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Looks like Winston Peters reads this site.
He has an opinion piece at RadioLive about Helen Clark’s candidacy for the UN General Secretary’s job:
Helen’s Clark’s campaign to be the first female UN Secretary-General has ventured into stormy seas.
That has to be expected.
When you are seeking such a high office it is inevitable flak will come from some quarter.
In this case flak is being fired by the Foreign Policy magazine in the United States which claims in an article Ms Clark has left “a trail of embittered peers and subordinates” and “ruthlessly ended the careers of underlings in her quest to advance her candidacy.’”
New Zealanders might think New Zealand politics can be rugged, but things are a lot hotter in the Big Apple, New York.
Character assassination of political opponents is part and parcel of the American scene.
Hilary Barry’s replacement was called Hilary by the highest paid professional at Mediaworks. An accident? Is the female talent really that interchangeable?
Being called Hilary within the first 30 seconds was probably not the welcome Ingrid Hipkiss was hoping for at her new job on Paul Henry.
The Newshub weather presenter, who was initially thought to be stepping in for three weeks, has been announced as Hilary Barry’s permanent replacement.
But at the beginning of Monday’s episode, while viewers could see Barry’s seat was occupied by Hipkiss, there was confusion for radio listeners when Henry said congratulations and good morning to “Hilary”.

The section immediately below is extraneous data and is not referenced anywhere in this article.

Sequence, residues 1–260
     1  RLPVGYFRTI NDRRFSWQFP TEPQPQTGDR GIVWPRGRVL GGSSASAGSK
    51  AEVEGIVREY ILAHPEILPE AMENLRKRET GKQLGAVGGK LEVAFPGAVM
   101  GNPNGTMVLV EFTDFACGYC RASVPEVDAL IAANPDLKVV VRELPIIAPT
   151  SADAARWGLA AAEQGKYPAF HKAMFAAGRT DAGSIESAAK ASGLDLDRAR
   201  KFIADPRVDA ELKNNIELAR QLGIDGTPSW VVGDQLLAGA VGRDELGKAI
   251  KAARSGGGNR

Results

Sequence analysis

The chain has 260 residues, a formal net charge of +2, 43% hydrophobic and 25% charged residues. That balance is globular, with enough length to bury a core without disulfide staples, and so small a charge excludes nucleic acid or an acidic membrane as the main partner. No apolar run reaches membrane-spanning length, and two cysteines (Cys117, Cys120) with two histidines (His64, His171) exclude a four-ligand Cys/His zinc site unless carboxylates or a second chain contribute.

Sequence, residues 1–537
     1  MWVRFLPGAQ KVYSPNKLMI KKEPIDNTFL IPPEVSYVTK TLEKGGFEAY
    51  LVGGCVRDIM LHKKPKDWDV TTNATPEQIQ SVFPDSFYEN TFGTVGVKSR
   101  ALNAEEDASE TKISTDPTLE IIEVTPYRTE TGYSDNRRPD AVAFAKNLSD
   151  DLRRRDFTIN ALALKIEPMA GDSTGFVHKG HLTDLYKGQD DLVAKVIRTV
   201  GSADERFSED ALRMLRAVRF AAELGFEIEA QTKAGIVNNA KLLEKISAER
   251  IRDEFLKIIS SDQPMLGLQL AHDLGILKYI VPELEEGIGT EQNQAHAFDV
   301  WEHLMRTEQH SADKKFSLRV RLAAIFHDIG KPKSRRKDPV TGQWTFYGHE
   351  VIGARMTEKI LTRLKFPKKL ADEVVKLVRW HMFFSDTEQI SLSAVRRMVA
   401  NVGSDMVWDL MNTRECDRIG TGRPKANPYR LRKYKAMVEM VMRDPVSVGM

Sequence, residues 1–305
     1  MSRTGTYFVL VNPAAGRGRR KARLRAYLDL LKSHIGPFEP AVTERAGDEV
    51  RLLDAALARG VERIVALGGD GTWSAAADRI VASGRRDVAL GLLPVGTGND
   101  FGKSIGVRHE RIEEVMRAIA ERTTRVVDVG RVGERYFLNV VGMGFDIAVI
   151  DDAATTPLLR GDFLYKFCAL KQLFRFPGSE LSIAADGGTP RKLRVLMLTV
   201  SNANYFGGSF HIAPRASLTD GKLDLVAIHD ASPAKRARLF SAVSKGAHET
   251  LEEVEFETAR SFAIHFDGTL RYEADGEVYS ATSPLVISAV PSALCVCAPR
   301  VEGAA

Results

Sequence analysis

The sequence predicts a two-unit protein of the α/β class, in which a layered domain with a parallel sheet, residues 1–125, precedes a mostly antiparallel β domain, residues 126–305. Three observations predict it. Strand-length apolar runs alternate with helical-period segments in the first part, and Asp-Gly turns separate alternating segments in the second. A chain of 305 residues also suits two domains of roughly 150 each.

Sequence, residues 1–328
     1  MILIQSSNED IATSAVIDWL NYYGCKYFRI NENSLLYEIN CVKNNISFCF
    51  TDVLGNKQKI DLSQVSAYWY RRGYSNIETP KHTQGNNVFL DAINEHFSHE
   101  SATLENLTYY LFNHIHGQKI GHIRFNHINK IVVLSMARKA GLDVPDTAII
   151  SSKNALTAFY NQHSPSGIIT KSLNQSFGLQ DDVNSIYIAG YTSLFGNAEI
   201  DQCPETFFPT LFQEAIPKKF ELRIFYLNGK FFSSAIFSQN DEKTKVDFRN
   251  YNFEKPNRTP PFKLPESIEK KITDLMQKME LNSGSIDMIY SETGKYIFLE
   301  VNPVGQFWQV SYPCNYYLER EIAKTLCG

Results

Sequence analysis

Newshub weather presenter Ingrid Hipkiss was introduced as Hilary on her very first day on Paul Henry.
It might sound akin to Henry’s sense of humour, but the host was quick to apologise and blamed his age for the slip.
If he’s that demented already, he shouldn’t be in the job. Read more »
David Seymour has used his Sunday Star-Times column to highlight some of Steve Joyce’s wasteful corporate welfare.
It’s Budget week and the message from National is the same as the past six years: no tax cuts. Labour, meanwhile, want tax increases.
So, what better time to look at some government spending and simply ask: “Why?” Surely, some of this money would be better spent on health, or education – or simply given back to people, so they can invest in businesses, their families, their communities, and themselves.
First up is the $56 million-a-year Marsden Fund, which bankrolls select ‘academic’ research. Some of the science topics look kind of interesting, but what do New Zealand taxpayers really gain from funding research on Cultivating chamber music in Beethoven’s Vienna: a study in socio-musicology ($580,000); or anti-trade activist Jane Kelsey’s Transcending embedded neoliberalism in international economic regulation ($600,000); or Missing narratives of modern Chinese intellectual history: modernity and writings on art, 1900-1930 ($495,000)?